What is breast cancer?
Most breast cancers begin in the cells that line the ducts (lobules) and alveoli (nipple-like structures) of the breast. These ducts and alveoli make milk nourish infants. Breast cancer can also start in other parts of the breast, such as fat tissue or blood vessels. The disease usually occurs in women, but men can also get it. Breast cancers are named for where they begin. For example, if cancer starts in the milk ducts, it’s called ductal carcinoma. If it starts in the lobules, where milk is made, it’s called lobular carcinoma. Some 1.7 million new cases are diagnosed each year, and about 500,000 people die from it annually. It is less common in the developing world, but poorer countries have much higher rates of advanced and fatal diseases. The main risk factors for breast cancer are increasing age, female sex hormones (primarily estrogen), nulliparity (having never borne a child) and family history of breast cancer.
The cause of breast cancer
In almost all cases, breast cancer starts in the cells of the breast tissue and usually only grows there. Rarely, it may start in other parts of the body and spread to the breast gland. This type of cancer can originate from breast cells or, less commonly, from cells that line other parts of the body. It starts when a single cell in the breast develops changes to its DNA. These changes cause the cell to grow and multiply quickly, forming tumours that invade nearby tissue and spread throughout the body through lymph nodes and blood vessels.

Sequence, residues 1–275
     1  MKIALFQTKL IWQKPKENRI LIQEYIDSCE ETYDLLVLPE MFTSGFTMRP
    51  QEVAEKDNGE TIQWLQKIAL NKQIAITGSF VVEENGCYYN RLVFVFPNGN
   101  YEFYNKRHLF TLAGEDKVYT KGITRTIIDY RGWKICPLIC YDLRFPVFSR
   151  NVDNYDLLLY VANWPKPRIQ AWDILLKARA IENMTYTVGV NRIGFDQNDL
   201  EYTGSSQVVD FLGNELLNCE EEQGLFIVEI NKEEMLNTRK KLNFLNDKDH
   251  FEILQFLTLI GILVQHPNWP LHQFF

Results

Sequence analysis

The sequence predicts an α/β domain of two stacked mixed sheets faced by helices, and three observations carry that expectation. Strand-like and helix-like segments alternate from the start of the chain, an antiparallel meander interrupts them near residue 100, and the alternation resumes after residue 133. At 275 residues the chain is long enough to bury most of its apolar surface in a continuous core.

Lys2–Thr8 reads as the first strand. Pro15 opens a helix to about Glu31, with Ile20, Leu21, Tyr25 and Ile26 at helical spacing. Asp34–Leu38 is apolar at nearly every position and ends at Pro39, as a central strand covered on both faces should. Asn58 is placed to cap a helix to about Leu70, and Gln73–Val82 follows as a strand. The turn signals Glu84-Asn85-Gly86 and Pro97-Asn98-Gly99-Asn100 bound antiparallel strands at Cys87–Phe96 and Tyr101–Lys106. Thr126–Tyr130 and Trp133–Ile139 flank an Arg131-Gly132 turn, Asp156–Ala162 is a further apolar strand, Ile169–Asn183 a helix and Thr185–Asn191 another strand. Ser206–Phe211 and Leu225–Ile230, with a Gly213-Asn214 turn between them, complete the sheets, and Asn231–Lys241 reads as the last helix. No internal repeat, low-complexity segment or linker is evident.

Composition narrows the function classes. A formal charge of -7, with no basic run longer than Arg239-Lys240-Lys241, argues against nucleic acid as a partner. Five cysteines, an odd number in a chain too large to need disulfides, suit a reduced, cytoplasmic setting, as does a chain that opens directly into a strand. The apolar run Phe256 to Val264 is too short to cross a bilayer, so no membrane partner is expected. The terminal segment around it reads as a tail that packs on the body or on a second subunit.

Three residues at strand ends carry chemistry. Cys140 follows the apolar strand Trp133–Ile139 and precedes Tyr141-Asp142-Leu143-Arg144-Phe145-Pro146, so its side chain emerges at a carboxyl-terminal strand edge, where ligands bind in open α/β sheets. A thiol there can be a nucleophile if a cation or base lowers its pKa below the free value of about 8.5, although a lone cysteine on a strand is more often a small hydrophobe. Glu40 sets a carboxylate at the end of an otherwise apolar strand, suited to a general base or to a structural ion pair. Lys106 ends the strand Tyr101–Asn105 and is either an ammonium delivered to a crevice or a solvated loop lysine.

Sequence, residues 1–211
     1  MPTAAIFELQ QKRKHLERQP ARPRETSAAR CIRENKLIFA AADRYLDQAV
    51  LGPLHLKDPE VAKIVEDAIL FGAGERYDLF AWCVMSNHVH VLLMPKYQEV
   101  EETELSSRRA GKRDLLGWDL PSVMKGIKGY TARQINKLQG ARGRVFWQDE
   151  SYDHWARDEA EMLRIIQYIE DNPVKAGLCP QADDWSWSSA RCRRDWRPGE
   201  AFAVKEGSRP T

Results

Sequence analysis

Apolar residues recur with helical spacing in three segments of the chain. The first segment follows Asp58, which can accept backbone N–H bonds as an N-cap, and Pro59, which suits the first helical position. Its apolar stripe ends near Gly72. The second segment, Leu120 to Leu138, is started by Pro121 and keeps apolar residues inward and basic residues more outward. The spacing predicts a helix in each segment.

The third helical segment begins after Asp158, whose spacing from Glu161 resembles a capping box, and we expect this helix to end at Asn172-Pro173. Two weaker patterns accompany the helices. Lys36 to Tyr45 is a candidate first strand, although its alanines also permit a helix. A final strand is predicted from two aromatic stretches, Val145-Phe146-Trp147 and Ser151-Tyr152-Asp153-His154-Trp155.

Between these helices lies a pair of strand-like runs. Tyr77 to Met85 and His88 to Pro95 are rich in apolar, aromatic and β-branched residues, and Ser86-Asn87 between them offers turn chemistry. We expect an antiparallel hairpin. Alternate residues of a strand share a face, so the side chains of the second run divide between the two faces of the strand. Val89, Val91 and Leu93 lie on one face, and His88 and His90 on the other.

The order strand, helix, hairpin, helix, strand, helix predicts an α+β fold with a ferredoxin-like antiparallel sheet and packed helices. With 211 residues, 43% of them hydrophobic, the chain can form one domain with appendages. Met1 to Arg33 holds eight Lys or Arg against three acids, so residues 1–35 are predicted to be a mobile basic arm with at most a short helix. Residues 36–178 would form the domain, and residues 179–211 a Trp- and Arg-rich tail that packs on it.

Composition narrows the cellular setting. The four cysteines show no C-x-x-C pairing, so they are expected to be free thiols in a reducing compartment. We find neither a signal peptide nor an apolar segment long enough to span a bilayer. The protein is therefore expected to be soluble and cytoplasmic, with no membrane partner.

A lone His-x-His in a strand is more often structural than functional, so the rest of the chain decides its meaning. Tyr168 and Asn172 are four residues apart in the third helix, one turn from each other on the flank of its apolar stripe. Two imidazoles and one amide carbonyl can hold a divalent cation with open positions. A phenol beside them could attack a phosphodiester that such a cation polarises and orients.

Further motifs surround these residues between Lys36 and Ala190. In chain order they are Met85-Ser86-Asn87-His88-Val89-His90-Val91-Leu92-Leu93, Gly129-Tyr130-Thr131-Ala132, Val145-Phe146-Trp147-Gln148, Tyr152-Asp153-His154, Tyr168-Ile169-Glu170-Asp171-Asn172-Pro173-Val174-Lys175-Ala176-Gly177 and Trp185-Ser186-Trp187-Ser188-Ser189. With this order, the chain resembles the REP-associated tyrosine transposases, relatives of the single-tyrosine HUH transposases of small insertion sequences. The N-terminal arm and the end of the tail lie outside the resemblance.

Facts about breast cancer
It’s also the second leading cause of cancer deaths among women, after lung cancer. And yet, despite these sobering statistics, breast cancer is still not taken as seriously as other types of cancers. This year alone, around 180,000 Americans will receive the devastating news that they have breast cancer. That’s more than 1 person every hour. Breast cancer is the most common type of cancer in women and can affect anyone, regardless of age or gender.
Prevention of Breast Cancer
Breast cancer is the most common cancer in women worldwide, and it is also the leading cause of cancer death. According to one study, breast cancer can be avoided by avoiding certain environmental or lifestyle factors. Early detection is the method of preventing breast cancer.
How is breast cancer diagnosed?
Breast cancer is a term used to define any number of tumours that begin in the breast. Breast cancer most commonly refers to malignant tumours, which are cancers, meaning they can spread and grow into other tissues. The vast majority (90%) of breast cancers diagnosed are malignant tumours, but there are also benign (non-cancerous) conditions such as fibrocystic disease or mastitis that present as lumps or masses within the breast tissue.
How are breast cancers treated?
It can usually be cured if found and treated early; if not, it can spread to other parts of the body and become life-threatening. Breast cancer develops when cells in the breast become uncontrollably proliferative. These cells normally form a tumour, which can infiltrate surrounding tissues or spread to distant locations via the blood or lymphatic system.
What are the stages of breast cancer?